HIV sentinel surveillance among tuberculosis patients is being carried out in many countries in order to ascertain the level of HIV prevalence and trends over time in them, since these data reflect the association between TB and HIV. HIV prevalence of 20.1% has been reported by Paranjape et al from Pune in 1996[14] and 14% by Jain et al from Delhi in 2000[15] in TB patients . Our study is also showing 15.5% of HIV prevalence in Hyderabad area, which stresses the need for screening every tuberculosis patient for HIV status. Difficulties in the diagnosis of tuberculosis in HIV positive patients could arise chiefly because of the reduced sensitivity of the direct sputum examination and the higher frequency of atypical lesions in chest X-ray. Sputum smear examination remains an essential component of diagnosis, even in countries where HIV infection is common, because of the need to identify infectious cases. In our study [Table - 3], sputum positivity was less (32%) in HIV seropositives than in HIV seronegatives (53%). Similar results have been shown by other investigations.[16] Tuberculosis patients with sputum smears negative for AFB are less infectious than those with positive smears. But patients with smear negative pulmonary tuberculosis appear responsible for about 17% of TB transmission. [Table - 3] demonstrates that bacillary load in sputum is less in HIV seropositives. In ZN stained smears, one multibacillary and nine paucibacillary pulmonary tuberculosis cases were detected whereas in fluorochrome stained smears four multibacillary and fourteen paucibacillary cases were detected. By both techniques, it was found that paucibacillary cases are more than multibacillary cases in HIV seropositives. This is because of atypical manifestations such as non cavitary lesions with dissemination of disease that are encountered in HIV-TB co-infected patients. In such cases sputum positivity decreases, paucibacillary status and smear negativity increases. Point to be noted is that in HIV seropositives Fl stain (45%) is 16% more sensitive in detecting paucibacillary pulmonary tuberculosis cases than ZN stain (29%).

In conclusion, fluorochrome stain is more efficient over ZN stain in detecting paucibacillary pulmonary tuberculosis cases co-infected with HIV, for early diagnosis. Since screening is done under low power, much time is likely to be saved. Fluorescent microscopy though expensive is appropriate where the work load is high and screening needs to be done on a routine basis.


 ~ Acknowledgements Top


The authors are grateful to Dr. Savitri Sharma of LV Prasad Eye Institute, Hyderabad, for extending the facility of fluorescence Microscope to conduct the study.



 
 ~ References Top

1.Agarwal KK. Editorial. Post Graduate Medicine .Indian ed. 2001; 1 :7.  Back to cited text no. 1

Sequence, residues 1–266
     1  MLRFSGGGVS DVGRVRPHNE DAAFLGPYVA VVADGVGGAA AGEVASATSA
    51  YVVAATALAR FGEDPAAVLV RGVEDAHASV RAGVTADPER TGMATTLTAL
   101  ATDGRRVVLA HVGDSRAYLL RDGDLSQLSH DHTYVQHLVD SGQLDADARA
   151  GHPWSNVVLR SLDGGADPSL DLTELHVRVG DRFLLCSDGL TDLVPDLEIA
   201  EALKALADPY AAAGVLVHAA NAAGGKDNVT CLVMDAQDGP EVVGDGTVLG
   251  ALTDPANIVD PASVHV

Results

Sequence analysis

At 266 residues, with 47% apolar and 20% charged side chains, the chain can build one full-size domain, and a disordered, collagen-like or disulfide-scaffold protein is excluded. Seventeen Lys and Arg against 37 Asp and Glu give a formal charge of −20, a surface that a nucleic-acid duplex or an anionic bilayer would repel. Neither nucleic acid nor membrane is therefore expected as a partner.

2.Mario C. Raviglione, Richard J. O'Brein, Tuberculosis. Chapter 169. Harrison's Principles of Internal Medicine .15th edn Brawnwald E.,Fauci AS, Kasper DL, Hauser SL, Lango DL, Jameson JL (Editors) Mc Graw Hill Book Company; 2002. p. 1024-30.  Back to cited text no. 2    
3.Harries AD, Nyrenda JE, Benerjee A, Mundy C, Salaniponi FM. District sputum smear Microscopy services in Malawi. Int J Tuberc Lung Dis : 1998; 2 :914-8.  Back to cited text no. 3    
4.Lalit Kant. Improving detection of Infectious cases. Indian J Tuberc 2001; 48 :115-6.  Back to cited text no. 4    
5.Vasantha Kumari R. Sputum smear Examination. A view point. Indian J Tuberc 1995; 42 :135-7.  Back to cited text no. 5    
6.Jain NK, Aggarwal JK, Chopra KK, Khanna SP: Prevalence of HIV Infection among tuberculosis patients. Indian J Tuberc 1996; 43 :105-6.  Back to cited text no. 6    
7.Betty A Forbes, Daniel F Sahm, Alice S. Weissfield, Bailey & Scott's Diagnostic Microbiology .10th edn. Mosby publishers; 1998. p. 715-43.  Back to cited text no. 7    
8.Satya Sri S. Text book of Pulmonary and Extra pulmonary Tuberculosis . 4th edn. Inter Print Publishers; 2000. p. 63-9.  Back to cited text no. 8    
9.Banvaliker JN, Gupta R, Sharma DC, Goel MK, Kumari S. HIV seropositivity in hospitalised Pulmonary Tuberculosis patients in Delhi. Indian J Tub erc 1997; 44 :17-9.  Back to cited text no. 9    
10.Rajasekaran S, Uma A, Kamakshi S, Jayaganesh D, Senlhanizhehelvan A, Savitri S, et al . Trend of HIV infection in patients with Tuberculosis in rural South India. Indian J Tuberc 2000; 47 :223-6.  Back to cited text no. 10    
11.Behr MA, Warren SA, Salamon H, Hopewell PC, Ponce de Leon A, Daley CL, et al . Transmission of Mycobacterium tuberculosis from patients smear negative for acid-fast bacilli. Lancet 1999; 353 :444-9.  Back to cited text no. 11    
12.Githui W, Kitui F, Juma ES, Obwana DO, Mwai J, Kwamasga D. A comparative study on the reliability of the fluorescence microscopy and Ziehl- Neelsen method in the diagnosis of pulmonary tuberculosis . East Afr Med J . 1993; 70 :263-6.  Back to cited text no. 12    
13.Ulukanligil M, Aslan G, Tasci S. A comparative study on the different staining methods and number of specimens for the detection of acid-fast bacilli. Mem Inst Oswaldo Cruz. 2000; 95 :855-8.  Back to cited text no. 13  [PUBMED]  [FULLTEXT]
14.Paranjape RS, Tripathy SP, Menon PA, Mehendale SM, Khatavkar P, Joshi DR, et al . Increasing trend of HIV seroprevalence among pulmonary tuberculosis patients in Pune, India . Indian J Med Res 1997; 106 :207-11.  Back to cited text no. 14    
15.Jain SK, Aggarwal JK, Rajpal S and Baveja U. Prevalence of HIV infection among tuberculosis patients in Delhi-A sentinel surveillance study. Indian J Tuberc 2000; 47 :21-6.  Back to cited text no. 15    
16.Mohanty KC, Basheer PMM. Changing trends of HIV infection and Tuberculosis in a Bombay area since 1988. Indian J Tuberc 1995; 42 :117-20.  Back to cited text no. 16    


Tables

[Table - 1], [Table - 2], [Table - 3]